Most will also be able to set you up with a local homestay. While homestays aren’t ideal for everyone, if you are serious about learning the language, you should absolutely consider living with a local family (especially if you are only abroad for a few weeks).
Language Study & Volunteer Combination Programs
This type of program is sort of the best of both worlds, as it strengthens learners’ language skills while providing a means to become culturally involved (all while helping those less fortunate!). Even though Mendoza is among the wealthier cities in this region, there are still many people who are impoverished and plenty of underdeveloped areas.
Mendoza offers several types of volunteer and language programs, such as conservation and community development. Students who choose to do a language study and volunteer program will have endless opportunities to really soak up a lot of the language, as they will be constantly immersed.
- Check out the crowd: About 115,000 residents in Mendoza; with 99% of the population speaking Spanish.
- Did you know? Mendoza has about 300 days of sun per year, making it ideal for outdoor enthusiasts and wine lovers.
- School’s out, let’s have some fun: Take a tour of one of Mendoza’s world-class vineyards (Mr. Hugo’s tours are some of the most popular) or go adventuring in the nearby Andes.
- An idiom: “La verdad de la milanesa”. Literally translating to “the truth of the milanesa”, this idiom refers to one of Argentina’s most popular dishes and means “the real deal”. Argentines do not mess around when it comes to their food, and it is not uncommon to hear other types of food substituted into this phrase.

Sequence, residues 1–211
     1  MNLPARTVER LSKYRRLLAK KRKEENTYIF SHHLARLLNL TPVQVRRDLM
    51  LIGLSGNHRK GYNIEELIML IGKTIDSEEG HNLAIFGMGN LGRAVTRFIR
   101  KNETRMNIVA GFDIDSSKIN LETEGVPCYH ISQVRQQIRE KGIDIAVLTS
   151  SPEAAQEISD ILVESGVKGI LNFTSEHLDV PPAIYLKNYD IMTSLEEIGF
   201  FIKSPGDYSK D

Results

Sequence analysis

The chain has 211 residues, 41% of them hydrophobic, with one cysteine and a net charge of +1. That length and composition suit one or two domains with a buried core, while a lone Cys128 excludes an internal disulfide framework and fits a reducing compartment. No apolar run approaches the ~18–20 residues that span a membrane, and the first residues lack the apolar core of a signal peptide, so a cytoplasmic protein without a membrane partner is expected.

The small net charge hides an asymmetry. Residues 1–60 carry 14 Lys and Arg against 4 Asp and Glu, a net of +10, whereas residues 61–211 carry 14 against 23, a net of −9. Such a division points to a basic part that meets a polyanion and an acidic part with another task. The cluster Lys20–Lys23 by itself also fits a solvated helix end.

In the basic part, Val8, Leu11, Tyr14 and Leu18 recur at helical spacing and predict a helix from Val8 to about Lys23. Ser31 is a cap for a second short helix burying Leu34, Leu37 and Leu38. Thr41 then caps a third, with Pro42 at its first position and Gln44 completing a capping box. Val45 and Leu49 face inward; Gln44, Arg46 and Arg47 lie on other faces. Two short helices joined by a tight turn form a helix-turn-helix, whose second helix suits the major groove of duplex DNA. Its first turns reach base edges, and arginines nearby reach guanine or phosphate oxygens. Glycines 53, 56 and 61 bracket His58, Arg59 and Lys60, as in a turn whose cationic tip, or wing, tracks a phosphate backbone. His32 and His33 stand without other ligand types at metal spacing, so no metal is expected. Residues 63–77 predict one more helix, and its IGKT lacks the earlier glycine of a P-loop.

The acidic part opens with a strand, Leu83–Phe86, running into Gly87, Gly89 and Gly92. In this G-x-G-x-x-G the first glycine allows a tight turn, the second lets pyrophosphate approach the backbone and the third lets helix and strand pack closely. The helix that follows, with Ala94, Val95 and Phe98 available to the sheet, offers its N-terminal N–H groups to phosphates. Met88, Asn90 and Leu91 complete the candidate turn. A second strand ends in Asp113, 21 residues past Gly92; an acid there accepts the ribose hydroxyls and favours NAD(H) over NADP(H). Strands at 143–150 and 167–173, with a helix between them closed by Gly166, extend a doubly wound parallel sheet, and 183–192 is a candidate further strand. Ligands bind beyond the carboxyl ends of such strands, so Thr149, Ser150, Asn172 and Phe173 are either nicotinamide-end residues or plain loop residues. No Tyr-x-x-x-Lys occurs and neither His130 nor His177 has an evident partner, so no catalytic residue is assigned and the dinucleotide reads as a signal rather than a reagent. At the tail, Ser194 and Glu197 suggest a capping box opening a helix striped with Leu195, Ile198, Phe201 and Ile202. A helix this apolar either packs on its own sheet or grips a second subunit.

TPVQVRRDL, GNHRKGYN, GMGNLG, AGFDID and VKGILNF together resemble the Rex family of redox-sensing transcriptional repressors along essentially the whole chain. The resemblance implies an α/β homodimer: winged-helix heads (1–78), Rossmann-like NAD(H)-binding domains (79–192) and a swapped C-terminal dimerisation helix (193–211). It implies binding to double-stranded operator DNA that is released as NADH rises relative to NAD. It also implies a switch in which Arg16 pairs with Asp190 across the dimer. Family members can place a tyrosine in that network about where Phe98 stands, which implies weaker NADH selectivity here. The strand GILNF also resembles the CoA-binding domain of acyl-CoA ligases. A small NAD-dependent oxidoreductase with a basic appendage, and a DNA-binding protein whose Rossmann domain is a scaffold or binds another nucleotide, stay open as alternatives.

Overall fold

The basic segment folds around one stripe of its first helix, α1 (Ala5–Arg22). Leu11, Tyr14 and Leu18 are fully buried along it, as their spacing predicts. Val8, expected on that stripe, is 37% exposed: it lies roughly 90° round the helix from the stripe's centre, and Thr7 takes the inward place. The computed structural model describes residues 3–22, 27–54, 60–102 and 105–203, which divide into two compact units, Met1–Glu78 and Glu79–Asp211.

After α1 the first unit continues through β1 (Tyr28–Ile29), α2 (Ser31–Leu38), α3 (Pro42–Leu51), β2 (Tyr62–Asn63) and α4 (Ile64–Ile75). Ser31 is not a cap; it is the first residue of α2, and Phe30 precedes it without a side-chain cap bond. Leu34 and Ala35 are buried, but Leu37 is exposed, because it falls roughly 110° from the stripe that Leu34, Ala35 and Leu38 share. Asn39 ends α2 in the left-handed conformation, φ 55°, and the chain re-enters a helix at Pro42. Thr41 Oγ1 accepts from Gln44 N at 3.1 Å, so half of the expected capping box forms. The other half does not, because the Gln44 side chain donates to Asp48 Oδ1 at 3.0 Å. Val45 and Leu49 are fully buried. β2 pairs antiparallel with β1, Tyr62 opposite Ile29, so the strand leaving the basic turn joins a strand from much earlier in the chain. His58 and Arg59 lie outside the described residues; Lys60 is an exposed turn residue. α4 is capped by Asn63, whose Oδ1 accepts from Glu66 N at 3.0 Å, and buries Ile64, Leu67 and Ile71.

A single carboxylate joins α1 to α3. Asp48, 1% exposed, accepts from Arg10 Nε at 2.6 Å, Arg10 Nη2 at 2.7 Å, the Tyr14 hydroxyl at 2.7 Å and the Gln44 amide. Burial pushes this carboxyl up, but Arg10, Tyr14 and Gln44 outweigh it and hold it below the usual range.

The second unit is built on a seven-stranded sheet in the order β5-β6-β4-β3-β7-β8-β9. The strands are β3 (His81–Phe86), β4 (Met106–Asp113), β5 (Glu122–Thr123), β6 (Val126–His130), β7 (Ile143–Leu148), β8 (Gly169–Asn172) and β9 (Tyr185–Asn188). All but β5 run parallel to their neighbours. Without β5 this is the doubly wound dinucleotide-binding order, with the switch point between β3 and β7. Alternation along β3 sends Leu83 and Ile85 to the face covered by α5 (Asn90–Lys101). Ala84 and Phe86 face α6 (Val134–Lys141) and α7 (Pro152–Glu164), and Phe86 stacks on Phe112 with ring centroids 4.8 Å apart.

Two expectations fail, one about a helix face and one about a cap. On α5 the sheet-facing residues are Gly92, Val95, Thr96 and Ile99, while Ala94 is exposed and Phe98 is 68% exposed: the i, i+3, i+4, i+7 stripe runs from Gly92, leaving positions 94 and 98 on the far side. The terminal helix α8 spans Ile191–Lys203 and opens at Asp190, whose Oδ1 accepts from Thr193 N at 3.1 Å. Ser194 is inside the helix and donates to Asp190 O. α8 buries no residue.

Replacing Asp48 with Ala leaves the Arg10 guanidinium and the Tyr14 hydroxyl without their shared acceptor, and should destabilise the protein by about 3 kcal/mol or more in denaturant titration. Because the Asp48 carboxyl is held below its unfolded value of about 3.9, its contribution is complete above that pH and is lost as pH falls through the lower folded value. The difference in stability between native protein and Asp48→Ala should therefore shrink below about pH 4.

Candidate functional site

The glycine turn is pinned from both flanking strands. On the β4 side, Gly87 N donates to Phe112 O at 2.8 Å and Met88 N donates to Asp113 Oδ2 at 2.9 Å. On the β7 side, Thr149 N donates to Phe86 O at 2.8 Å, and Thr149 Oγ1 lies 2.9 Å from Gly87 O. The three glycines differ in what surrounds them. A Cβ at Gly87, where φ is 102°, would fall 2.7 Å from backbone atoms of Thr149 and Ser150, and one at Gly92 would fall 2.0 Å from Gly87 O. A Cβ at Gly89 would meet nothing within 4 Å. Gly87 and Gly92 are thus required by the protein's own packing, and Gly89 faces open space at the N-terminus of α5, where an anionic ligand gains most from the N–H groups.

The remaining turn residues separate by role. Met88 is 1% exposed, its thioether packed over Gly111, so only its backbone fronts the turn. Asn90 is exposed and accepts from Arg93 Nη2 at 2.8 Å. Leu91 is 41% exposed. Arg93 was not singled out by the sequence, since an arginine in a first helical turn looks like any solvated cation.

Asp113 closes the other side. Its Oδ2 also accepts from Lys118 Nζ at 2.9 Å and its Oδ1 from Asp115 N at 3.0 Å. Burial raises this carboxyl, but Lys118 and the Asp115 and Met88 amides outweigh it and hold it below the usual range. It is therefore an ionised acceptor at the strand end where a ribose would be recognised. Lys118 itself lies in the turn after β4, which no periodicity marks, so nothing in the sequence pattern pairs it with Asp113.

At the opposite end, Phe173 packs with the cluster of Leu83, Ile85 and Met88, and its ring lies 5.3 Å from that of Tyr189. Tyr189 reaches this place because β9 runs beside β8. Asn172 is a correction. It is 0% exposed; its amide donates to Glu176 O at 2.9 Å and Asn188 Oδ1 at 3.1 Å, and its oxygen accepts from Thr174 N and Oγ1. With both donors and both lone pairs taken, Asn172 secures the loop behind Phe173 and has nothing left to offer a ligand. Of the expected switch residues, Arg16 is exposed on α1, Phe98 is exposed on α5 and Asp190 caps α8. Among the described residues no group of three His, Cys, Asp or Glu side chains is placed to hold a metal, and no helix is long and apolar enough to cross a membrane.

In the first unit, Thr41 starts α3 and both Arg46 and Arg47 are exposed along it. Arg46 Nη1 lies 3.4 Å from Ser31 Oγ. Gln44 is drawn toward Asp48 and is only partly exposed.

Cultural Immersion/Extracurricular Activities
One of the major benefits of learning a language on a language immersion program abroad is that the majority are really good about incorporating activities and social outings. These are typically excellent opportunities for students to really learn how to communicate like natives and learn about the culture and history of Mendoza.
These activities can range from horseback riding and whitewater rafting through the Andes to volunteering at a local homeless shelter.
Another great way to learn even more Spanish is to take an extracurricular class or two. Whether it be cooking empanadas and alfajores to learning Argentine tango, any excuse to hear and speak more Spanish outside of the traditional university class will definitely have you learning much faster.
Furthermore, another excellent way to learn outside of a classroom is to travel to different regions of Argentina and neighboring countries. Argentina has a great bus system and since Mendoza is a year-round tourist destination, students can travel to just about anywhere from here. There is no better way to learn about the language and culture than to experience it for yourself.
Generally speaking, Mendoza is fairly inexpensive, and definitely one of the cheaper city options in Argentina. Each program varies in cost (depending on length and location), but most in Mendoza are within a few hundred dollars of each other.
Besides program costs, language learners should budget about $300 / month for rent (if you aren’t living with a host family), $20 / week for food, and $5 / week for public transportation. If you are in Mendoza under a student visa, you usually cannot legally work. However, there are still ways for students to make some money on the side, such as babysitting, tutoring, or bartending (get a good idea of the everyday cost of living on Numbeo).